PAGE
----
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Lectern lessons: a prof and a GSI share their classroom wisdom

The Professor: Steven Vogel, Political Science

Vogel is one of four faculty members honored in June with the 2005 Faculty Award for Outstanding Mentorship of GSIs. His statement of mentoring philosophy (adapted here) appears online at gsi.berkeley.edu/awards/mentor.html, as do statements from other recent winners.

The real secret to being a good GSI mentor is to have great GSIs. Beyond that, I rely on a few basic practical strategies.

I try to give my GSIs lots of information at the outset of the semester: lecture outlines, study questions, class announcements, exam guidelines, exams, and teaching evaluations from previous semesters. I also give them memos from previous GSIs for the same course, which address two questions: How could I (the professor) improve the course in future years? And what do future GSIs need to know to perform their best as instructors in this course?

By asking the GSIs to write these memos, I achieve several goals at once: 1) I improve my own teaching, 2) I allow my current GSIs to benefit from the experience of the previous GSIs, and 3) I signal to the GSIs that I take their input very seriously.

I try to convey to the GSIs that I view them as full partners in teaching the course. I consult with them in advance on issues that affect them directly, such as the scheduling of paper assignments and class debates. I tell the GSIs that they should feel free to challenge me or to raise questions in class or in online discussions.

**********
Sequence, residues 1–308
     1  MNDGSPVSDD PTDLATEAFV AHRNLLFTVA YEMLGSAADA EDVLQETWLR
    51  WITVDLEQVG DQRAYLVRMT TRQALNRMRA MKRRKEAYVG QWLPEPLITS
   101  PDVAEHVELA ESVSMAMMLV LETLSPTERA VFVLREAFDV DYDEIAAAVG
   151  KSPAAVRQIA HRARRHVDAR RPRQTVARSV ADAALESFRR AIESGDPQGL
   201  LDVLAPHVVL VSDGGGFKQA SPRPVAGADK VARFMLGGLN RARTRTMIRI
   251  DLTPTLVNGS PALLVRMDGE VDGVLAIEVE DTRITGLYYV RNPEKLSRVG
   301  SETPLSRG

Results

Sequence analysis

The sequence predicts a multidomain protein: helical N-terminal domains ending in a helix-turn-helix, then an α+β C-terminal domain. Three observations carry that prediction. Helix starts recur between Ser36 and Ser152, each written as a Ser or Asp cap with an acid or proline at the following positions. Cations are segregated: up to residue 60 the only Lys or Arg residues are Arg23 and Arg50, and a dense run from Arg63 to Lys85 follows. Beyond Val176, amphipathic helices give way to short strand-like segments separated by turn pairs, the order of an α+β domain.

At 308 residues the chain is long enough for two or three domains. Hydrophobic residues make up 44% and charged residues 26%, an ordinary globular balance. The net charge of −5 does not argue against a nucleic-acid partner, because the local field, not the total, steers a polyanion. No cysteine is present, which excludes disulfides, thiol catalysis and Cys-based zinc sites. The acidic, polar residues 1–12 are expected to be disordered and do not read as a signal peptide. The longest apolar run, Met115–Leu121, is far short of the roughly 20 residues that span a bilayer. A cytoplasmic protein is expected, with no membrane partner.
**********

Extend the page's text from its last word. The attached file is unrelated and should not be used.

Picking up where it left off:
I encourage but do not require the GSIs to give a guest lecture. I allow them to choose the topic and the date, and whether to use an entire class session or just part of one. I make sure to give them suggestions before the lecture and feedback afterward.

I visit the discussion sections early in the semester, and then meet with the GSIs to discuss teaching strategies. I make it clear that I need their input as much as they need mine.

With good communication and mutual respect, the teamwork tends to fall into place naturally. Good GSIs make teaching easier for the professor, and a good professor makes teaching easier for the GSI. I emphasize that I see the GSIs as partners in a joint enterprise, and I try to convey this attitude to the students as well as to the GSIs. I try not to ask the GSIs to do too many administrative tasks, because this could undermine the spirit of partnership.

I discuss the division of labor with the GSIs from the outset. I do not view the professor simply as a lecturer or the GSIs simply as discussion leaders. I incorporate discussion into the "lecture" sessions, and the GSIs integrate some teaching/ lecturing into the "discussion" sessions. To improve coordination between the two, I try to give the GSIs advance notice about what material I plan to cover, and which discussion questions I plan to raise in the lecture session. But I also tell my GSIs that some repetition from lecture to discussion can be useful. Normally, the students should encounter important concepts/ topics three times: first in the reading, then in lecture, and finally in the discussion section.

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The GSI: Aubrey Clayton, Mathematics

Clayton is one of 15 recipients of 2005's Teaching Effectiveness Awards. To read recent essays submitted by GSIs in departments ranging from rhetoric and music to physics and mathematics, visit gsi.berkeley.edu/awards/index_year.html.